“The past haunts at the periphery.”
Jelani Cobb, The New Yorker, August 2015
On October 24, 2013, my mother, Velma Wynn Johnson, passed away. My dad had passed away two decades prior. That day my brother and I inherited our childhood home and all its contents. I hadn’t thought much about what it would mean to be a homeowner in one of Brooklyn’s finest brownstone neighborhoods until I found a note from a real estate person shoved into the front gate one day after my mom died. It said:
I was shocked, enraged. And yet, also curious. Who was Todd? How did he know within one day my mom had passed? And, why was his desire to buy our house so desperate and aggressive that he felt entitled to violate my emotional space with his crumpled up note?
Though I was aware of rapid gentrification in my own neighborhood (who wouldn’t be!) and the inevitable cultural erasure and displacement of familiar people I knew and loved. I began to think more about what political and economic processes preceded this frenetic stage of gentrification and real estate speculation. I thought about deeper questions about what the experience of black land ownership in New York City (and America) was, its relationship to African-American wealth accumulation and our inherited economic and social condition in this country today. I soon discovered that what is happening now in my neighborhood had everything to do with the bank practice of redlining neighborhoods like Clinton Hill and Bedford Stuyvesant and racist housing policy since the depression when the first Home Owner Loan Corporation (HOLC) Red Line Maps were published in 1938.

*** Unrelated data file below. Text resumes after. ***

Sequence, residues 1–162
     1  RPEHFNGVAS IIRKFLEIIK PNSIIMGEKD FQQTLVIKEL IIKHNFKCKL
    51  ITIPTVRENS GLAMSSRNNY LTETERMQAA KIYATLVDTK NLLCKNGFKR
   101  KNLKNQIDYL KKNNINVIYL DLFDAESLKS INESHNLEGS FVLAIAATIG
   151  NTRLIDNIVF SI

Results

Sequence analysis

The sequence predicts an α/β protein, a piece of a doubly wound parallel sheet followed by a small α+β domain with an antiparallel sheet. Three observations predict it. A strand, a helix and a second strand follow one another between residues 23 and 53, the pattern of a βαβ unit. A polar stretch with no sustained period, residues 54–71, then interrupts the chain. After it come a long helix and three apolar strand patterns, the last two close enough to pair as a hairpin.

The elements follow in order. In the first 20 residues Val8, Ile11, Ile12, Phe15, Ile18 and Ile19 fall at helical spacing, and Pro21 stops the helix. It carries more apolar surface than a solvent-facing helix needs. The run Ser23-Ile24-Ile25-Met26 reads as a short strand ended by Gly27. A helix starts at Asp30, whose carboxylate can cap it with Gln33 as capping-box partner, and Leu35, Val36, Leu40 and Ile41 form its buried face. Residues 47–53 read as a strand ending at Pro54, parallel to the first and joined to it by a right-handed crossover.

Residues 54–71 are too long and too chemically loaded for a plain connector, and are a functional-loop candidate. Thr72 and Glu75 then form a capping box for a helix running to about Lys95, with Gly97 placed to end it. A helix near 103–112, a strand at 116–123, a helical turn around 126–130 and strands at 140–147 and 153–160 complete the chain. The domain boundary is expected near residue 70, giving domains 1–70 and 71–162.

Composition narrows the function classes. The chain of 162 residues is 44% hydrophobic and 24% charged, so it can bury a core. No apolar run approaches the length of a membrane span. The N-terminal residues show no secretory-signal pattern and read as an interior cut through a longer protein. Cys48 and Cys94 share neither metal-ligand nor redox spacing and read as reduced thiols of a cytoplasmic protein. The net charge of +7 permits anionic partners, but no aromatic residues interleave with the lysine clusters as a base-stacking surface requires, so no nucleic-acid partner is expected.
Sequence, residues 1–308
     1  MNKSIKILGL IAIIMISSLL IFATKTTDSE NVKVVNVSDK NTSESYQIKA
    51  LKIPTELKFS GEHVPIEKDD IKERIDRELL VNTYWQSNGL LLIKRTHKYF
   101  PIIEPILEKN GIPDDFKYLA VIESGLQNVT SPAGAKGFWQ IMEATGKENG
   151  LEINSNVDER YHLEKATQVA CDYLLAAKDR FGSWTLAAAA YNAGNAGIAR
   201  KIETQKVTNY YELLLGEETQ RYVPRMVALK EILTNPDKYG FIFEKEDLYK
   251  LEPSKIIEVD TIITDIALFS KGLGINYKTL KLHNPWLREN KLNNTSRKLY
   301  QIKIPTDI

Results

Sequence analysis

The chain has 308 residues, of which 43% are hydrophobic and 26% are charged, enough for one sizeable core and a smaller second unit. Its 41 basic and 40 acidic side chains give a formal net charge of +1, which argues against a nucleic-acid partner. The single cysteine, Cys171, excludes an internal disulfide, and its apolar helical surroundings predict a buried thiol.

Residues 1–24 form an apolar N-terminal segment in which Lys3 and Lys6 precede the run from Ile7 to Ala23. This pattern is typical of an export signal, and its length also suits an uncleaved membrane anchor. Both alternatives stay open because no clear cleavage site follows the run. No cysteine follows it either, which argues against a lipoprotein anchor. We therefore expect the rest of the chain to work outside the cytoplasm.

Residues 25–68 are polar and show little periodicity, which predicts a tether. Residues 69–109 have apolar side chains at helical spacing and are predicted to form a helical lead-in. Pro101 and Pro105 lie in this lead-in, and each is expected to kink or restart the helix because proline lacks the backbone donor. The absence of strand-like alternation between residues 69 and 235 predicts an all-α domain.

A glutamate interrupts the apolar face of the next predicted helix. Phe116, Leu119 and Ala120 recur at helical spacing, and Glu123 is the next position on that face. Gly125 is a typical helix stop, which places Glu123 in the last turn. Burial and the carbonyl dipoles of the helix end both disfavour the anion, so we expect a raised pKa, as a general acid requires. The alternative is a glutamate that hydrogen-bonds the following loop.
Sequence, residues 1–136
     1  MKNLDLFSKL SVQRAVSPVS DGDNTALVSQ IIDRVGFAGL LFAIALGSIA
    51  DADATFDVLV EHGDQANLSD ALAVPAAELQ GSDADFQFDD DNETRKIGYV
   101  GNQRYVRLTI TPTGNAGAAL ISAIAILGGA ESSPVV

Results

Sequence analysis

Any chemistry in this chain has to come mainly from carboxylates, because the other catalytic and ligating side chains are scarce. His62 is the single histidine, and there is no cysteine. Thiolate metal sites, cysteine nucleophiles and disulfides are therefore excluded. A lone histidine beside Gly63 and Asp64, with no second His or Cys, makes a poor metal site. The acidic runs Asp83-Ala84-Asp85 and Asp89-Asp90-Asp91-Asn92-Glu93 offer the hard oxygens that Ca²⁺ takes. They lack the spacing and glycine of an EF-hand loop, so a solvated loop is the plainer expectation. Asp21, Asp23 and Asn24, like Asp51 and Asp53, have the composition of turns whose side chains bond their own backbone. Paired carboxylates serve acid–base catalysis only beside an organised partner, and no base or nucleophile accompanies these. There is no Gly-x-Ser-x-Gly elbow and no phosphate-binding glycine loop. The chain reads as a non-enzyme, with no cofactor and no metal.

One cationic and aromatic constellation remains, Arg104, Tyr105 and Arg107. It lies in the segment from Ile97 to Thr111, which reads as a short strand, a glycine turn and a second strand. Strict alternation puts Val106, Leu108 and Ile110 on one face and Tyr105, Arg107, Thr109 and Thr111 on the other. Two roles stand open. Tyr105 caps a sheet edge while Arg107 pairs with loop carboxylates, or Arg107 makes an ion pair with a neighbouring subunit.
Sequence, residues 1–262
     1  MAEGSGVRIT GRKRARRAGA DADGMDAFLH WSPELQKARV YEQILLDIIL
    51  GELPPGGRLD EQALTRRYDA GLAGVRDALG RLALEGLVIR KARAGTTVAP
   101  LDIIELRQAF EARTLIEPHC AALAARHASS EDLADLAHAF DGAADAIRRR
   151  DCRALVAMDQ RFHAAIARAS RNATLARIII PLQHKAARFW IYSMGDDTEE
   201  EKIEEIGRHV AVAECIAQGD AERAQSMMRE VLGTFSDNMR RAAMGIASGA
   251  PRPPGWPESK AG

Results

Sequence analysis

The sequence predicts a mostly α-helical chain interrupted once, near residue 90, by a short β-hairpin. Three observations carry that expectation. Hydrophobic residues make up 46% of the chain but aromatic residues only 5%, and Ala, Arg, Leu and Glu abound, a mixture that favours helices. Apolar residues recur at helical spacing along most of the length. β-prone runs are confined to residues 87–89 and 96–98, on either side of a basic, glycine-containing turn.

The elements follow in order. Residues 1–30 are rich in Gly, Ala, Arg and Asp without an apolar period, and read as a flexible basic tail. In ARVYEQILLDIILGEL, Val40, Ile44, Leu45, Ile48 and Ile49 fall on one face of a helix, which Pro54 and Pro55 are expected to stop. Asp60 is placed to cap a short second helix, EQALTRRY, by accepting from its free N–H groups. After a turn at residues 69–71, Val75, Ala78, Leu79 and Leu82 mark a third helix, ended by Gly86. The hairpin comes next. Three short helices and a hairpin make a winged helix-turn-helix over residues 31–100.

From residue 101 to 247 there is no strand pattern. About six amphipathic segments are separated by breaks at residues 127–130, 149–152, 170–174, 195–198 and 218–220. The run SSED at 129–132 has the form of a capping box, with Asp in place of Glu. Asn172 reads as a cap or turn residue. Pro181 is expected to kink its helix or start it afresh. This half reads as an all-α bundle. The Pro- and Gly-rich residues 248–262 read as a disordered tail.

A line is a curious concept. It indicates real or imagined partitions sometimes drawn to indicate imposed borders, timelines, ancestry, walls and most importantly, in the American context – property. People walk their property lines all the time. Why not walk the red lined areas of the maps?
The act of walking the perimeter of the 1938 Brooklyn Red Line Map was a way to demarcate territory and memorialize the fraught, oppressive, racist economic and political narratives of this city and country. Walking is an open-ended provocation, a poetic gesture that physically embodies where and how the red line was originally drawn to discover the way this policy has continued to haunt the landscape today. The Red Line Archive is a material culmination of the ephemeral process of walking, collecting artifacts and responding to what I observed and experienced that both illuminate and complicate the narrative of redlining and New York.